Although the reasons for using the database may be compelling, the system will not work if the record keeping is not simple and practical. The system needs to produce a reasonably thorough and accurate description of our activities. We have also felt that the database should be allowed to evolve over time, addressing different issues according to the interests of the staff and our perceptions of the services we offer. For these reasons, the green sheets are revised every one or two years, in an attempt to assure us maximum practicality while exploring dimensions of conferences we had previously not considered. In its latest manifestation the green sheet takes approximately five minutes to complete, recording a mixture of descriptive and analytical data. (Appendix A reproduces the form that will be used for the 1994-95 school year). Descriptive, objective information includes the student's name, year in school, course, instructor, assignment, date of conference, and the consultant's name. The analytical, interpretive commentary is where the consultant identifies what assistance was requested, the session's primary foci, and the kind of actions taken during the conference. After entering this information (some of which is recorded by responding to a series of multiple choice questions), consultants provide a one-paragraph written narrative describing the most important aspects of the conference.
After the objective information is obtained, the assistance requested is the first interpretive section on the green sheet. This information is usually obtained by asking students what help they want, why they came to the Writing Center, or what they want the consultant to look for. Eight possibilities for this category are:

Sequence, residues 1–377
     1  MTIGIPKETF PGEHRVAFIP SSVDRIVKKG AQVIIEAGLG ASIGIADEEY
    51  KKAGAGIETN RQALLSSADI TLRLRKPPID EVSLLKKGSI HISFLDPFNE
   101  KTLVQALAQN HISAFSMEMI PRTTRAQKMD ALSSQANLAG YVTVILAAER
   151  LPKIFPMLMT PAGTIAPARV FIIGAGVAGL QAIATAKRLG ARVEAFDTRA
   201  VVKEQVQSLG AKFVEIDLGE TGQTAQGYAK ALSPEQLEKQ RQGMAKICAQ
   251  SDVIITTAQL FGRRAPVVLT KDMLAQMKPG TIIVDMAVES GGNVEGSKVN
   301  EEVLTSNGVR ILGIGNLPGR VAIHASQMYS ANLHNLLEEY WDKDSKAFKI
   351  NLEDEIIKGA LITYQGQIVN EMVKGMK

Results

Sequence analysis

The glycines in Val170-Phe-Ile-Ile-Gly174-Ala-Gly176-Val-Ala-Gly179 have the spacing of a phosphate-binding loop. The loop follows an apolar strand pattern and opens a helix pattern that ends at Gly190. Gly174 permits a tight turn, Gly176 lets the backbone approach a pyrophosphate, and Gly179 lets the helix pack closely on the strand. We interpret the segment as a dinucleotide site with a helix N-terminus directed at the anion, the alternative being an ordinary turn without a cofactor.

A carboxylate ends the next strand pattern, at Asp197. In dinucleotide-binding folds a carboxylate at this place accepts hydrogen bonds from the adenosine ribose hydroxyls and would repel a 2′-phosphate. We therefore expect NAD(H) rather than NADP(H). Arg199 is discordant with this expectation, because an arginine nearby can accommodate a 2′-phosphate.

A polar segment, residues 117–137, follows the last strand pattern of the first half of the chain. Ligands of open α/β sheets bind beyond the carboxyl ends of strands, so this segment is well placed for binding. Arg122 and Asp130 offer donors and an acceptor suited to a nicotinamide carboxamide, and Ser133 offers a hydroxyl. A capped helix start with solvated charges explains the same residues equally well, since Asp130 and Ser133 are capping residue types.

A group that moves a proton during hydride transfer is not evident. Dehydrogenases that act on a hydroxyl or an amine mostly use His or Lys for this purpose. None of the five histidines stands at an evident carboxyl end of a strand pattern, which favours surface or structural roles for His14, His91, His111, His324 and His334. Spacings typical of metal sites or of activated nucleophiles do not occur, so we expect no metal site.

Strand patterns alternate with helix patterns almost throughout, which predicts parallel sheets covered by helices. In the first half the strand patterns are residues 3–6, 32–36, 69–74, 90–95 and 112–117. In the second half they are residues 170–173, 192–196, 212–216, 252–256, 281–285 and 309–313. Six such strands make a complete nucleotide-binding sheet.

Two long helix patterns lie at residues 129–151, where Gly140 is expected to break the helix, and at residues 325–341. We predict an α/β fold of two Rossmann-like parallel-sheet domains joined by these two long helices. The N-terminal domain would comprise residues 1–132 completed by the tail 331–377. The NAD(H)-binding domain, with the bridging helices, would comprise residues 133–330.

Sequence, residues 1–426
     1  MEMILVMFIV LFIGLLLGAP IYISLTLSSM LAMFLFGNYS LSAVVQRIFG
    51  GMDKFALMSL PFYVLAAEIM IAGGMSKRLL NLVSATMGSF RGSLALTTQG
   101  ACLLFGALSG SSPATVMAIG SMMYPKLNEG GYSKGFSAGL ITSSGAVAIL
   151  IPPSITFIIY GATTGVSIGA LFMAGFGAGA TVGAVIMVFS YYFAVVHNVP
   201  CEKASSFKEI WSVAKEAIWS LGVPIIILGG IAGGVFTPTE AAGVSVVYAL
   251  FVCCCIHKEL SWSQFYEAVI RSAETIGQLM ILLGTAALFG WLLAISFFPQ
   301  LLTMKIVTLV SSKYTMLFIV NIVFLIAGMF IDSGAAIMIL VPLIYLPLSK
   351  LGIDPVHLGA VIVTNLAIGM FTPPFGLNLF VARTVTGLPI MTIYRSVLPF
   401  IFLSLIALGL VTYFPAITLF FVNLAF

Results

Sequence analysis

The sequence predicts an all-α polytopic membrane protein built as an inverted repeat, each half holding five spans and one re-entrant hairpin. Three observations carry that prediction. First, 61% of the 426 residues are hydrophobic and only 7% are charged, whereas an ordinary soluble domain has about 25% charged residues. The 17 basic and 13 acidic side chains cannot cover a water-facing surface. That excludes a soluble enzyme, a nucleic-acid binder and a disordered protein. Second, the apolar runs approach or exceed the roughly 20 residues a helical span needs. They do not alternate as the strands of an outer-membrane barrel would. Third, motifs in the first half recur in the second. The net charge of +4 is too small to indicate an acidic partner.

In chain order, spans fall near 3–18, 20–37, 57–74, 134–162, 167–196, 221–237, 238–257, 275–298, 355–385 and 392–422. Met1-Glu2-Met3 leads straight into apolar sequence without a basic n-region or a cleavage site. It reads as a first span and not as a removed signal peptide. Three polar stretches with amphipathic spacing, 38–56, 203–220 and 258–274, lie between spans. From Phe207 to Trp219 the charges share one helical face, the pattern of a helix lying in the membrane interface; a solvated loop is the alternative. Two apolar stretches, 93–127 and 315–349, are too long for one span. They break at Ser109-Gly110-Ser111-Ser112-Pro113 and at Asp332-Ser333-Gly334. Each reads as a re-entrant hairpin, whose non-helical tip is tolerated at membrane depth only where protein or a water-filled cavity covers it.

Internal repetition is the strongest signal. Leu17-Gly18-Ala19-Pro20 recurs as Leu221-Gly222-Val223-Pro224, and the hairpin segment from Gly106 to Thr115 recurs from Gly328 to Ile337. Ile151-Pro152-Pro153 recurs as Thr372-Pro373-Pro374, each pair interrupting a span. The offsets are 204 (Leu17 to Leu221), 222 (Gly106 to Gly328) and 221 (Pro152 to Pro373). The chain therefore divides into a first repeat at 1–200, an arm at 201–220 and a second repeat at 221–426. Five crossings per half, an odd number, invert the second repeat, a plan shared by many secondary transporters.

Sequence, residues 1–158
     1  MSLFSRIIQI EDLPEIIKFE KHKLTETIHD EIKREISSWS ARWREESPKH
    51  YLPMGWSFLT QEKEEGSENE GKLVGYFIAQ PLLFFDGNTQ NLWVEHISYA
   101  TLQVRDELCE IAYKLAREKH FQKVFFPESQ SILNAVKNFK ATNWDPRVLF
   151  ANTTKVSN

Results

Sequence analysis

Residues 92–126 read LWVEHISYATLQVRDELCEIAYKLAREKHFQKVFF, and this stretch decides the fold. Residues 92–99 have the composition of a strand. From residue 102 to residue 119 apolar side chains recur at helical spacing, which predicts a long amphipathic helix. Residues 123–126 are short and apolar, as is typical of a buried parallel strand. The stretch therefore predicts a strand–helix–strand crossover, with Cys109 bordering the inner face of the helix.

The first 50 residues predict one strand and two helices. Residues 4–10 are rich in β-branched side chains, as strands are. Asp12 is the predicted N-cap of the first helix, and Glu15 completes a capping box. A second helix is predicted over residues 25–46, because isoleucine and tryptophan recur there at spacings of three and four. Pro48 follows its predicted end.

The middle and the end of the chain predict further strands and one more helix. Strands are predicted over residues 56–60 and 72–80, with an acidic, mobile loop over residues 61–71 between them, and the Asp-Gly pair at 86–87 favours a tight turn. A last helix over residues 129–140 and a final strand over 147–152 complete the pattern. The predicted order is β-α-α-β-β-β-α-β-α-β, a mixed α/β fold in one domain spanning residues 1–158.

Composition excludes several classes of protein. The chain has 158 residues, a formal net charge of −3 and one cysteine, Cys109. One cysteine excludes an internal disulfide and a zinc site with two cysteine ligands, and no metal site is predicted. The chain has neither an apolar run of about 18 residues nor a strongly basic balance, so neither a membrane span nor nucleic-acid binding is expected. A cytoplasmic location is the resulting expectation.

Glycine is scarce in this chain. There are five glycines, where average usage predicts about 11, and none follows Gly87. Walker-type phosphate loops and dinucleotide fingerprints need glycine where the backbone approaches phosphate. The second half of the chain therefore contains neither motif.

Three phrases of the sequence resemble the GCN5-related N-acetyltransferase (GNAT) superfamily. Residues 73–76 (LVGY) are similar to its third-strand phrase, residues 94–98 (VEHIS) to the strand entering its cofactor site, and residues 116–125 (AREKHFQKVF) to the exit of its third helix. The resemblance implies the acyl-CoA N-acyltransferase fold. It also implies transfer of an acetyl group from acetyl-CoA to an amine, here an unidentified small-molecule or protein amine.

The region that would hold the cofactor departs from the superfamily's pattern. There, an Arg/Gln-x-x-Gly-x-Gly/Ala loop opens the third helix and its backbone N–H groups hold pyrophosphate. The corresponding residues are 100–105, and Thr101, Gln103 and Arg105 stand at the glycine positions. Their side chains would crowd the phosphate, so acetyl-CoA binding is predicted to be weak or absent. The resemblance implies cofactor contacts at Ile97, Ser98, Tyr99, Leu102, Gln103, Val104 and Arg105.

In the green sheet's second category, the conference foci, the consultants characterize the direction in which the conference progressed. Among the twelve possibilities, the consultants identify a maximum of two primary foci:
The green sheet's next section attempts to help the staff identify the kinds of action taken during the conference. Also in this category is a record of the consultant's impressions of the conference as a positive or negative experience. In the 1993-1994 version there were five choices for this category.
Plus(+) or Minus(-) Conference: Consultant's evaluation of the relative success (+) or failure (-) of the conference.
The conference summary form concludes with a space for the consultant to write a narrative summation and commentary on each conference. Often recorded are problems with the conference, problems with the paper, clarification of what happened in the conference, questions, or concerns that arose during the conference.
Once the green sheets are completed, all information is entered into the computer. For our database, we continue to use PC-File:dB, a Jim Button Shareware program. Although it is a simple, "outdated" program, we have remained with this software because it requires minimal training for entry and data manipulation. The green sheet is designed for the easy transfer of information into the database, and once in the database, the information can be sorted and studied from several approaches. To date, our analyses have remained relatively simple, and we have never attempted any type of sophisticated statistical inquiries. On the current staff are several peer consultants who are computer science or math majors and will be working in the writing center for the next two years. We hope they will enable us to adopt some more rigorous procedures for studying our accumulated data; but until now, we have been content to simply "read" the numbers and develop our analyses relying primarily on instinct and common sense.